Apparently, millennials as a group of people, which are those born from approximately 1984 and after, are tough to manage. They are accused of being entitled and narcissistic, self interested, unfocused and lazy – but entitled is the big one.
Because they confound the leadership so much, leaders will say “what do you want?” And millennials will say “we want to work in a place with purpose, we want to make an impact, we want free food and bean bag chairs.” Any yet when provided all these things they are still not happy. And that is because there is a missing piece.
It can be broken down into 4 pieces actually. 1 Parenting. 2 Technology. 3 Impatience. 4 Environment.
The generation that is called the millennials, too many of them grew up subject to “failed parenting strategies.” Where they were told that they were special – all the time, they were told they can have anything they want in life, just because they want it. Some of them got into honors classes not because they deserved it but because their parents complained. Some of them got A’s not because they earned them, but because the teachers didn’t want to deal with the parents. Some kids got participation medals, they got a medal for coming in last. Which the science we know is pretty clear is that it devalues the medal and the reward for those who actually work hard and that actually makes the person who comes in last embarrassed because they know they didn’t deserve it so that actually makes them feel worse.
You take this group of people and they graduate and they get a job and they’re thrust into the real world and in an instant they find out they are not special, their mom’s can’t get them a promotion, that you get nothing for coming in last and by the way you can’t just have it because you want it. In an instant their entire self image is shattered. So we have an entire generation that is growing up with lower self esteem than previous generations.
The other problem to compound it is we are growing up in a Facebook/Instagram world, in other words, we are good at putting filters on things. We’re good at showing people that life is amazing even though I am depressed…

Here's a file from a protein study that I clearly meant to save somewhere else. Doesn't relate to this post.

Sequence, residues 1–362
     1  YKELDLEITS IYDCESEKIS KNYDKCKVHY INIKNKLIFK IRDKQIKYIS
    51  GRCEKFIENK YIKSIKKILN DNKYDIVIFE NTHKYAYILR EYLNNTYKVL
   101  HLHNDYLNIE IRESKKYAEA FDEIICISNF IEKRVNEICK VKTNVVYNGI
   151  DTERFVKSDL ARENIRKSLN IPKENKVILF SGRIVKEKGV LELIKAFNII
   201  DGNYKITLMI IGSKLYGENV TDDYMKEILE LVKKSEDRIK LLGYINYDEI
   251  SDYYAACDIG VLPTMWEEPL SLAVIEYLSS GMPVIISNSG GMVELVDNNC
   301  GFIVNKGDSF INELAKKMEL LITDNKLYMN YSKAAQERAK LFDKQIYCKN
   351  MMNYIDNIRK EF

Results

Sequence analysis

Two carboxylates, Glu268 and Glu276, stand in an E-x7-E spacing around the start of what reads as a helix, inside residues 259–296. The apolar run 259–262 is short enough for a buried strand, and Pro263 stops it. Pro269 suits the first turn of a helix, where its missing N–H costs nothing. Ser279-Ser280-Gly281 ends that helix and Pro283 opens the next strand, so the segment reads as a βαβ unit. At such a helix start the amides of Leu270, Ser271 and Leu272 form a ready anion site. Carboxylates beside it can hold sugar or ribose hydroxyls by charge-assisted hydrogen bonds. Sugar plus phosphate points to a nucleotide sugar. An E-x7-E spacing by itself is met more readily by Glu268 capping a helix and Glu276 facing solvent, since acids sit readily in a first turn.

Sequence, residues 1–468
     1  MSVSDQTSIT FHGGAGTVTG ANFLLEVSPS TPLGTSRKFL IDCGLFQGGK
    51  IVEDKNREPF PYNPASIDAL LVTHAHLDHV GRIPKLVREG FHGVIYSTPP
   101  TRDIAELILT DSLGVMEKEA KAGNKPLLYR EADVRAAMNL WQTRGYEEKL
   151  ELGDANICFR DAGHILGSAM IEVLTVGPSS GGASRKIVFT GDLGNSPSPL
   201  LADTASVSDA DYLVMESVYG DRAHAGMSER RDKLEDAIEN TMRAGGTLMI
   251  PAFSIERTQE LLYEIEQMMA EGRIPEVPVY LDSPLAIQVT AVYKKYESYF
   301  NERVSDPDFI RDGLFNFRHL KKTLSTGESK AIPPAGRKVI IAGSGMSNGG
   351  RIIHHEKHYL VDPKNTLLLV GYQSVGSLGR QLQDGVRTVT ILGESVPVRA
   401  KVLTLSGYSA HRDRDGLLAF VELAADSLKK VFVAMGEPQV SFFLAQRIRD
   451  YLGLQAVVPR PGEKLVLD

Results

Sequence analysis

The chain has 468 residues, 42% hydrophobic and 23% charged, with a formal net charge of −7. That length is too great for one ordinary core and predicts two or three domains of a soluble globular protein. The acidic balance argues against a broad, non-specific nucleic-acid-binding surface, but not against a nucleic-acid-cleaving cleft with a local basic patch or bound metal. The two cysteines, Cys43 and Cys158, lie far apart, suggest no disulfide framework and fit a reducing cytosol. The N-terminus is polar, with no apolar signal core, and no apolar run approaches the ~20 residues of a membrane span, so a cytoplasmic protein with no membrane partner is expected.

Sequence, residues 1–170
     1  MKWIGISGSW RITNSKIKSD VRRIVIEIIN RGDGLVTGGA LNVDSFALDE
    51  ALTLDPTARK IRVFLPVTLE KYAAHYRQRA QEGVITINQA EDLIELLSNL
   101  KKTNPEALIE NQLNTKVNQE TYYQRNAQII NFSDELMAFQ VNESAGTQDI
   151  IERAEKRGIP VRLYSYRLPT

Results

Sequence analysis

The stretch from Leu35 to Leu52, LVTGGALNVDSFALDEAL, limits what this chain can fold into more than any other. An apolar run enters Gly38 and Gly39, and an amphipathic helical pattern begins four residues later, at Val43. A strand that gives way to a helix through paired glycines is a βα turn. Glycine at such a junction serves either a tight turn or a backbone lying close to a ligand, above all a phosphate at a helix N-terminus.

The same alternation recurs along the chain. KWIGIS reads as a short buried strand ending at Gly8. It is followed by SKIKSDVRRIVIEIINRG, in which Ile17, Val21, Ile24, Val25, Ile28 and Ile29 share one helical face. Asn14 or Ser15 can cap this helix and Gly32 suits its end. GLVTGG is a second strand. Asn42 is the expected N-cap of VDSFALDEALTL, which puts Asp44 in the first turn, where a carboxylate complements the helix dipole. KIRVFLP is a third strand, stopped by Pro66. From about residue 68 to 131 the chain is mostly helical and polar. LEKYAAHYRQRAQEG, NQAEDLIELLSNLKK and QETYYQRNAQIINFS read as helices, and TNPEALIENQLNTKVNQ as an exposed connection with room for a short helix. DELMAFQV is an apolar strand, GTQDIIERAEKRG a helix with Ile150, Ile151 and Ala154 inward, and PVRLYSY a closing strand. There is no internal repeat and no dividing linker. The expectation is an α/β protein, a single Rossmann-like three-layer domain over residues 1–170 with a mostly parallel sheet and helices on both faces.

Everybody sounds tough, and everybody sounds like they have it all figured out and the reality is there’s very little toughness and most people don’t have it all figured out. So when the more senior people say “well, what should we do?” they sound like “this is what you gotta do!” – but they have no clue.
So you have an entire generation growing up with lower self esteem than previous generations – through no fault of their own, they were dealt a bad hand. Now let’s add in technology. We know that engagement with social media and our cell phones releases a chemical called dopamine. That’s why when you get a text – it feels good. In a 2012 study, Harvard research scientists reported that talking about oneself through social media activates a pleasure sensation in the brain usually associated with food, money and sex. It’s why we count the likes, it’s why we go back ten times to see if the interaction is growing, and if our Instagram is slowing we wonder if we have done something wrong, or if people don’t like us anymore. The trauma for young kids to be unfriended it too much to handle. We know when you get the attention it feels good, you get a hit of dopamine which feels good which is why we keep going back to it. Dopamine is the exact same chemical that makes us feel good when we smoke, when we drink and when we gamble. In other words, it’s highly, highly addictive…
We have age restrictions on smoking, drinking and gambling but we have no age restrictions on social media and cell phones. Which is the equivalent of opening up the liquor cabinet and saying to our teenagers “hey by the way, if this adolescence thing gets you down – help yourself.”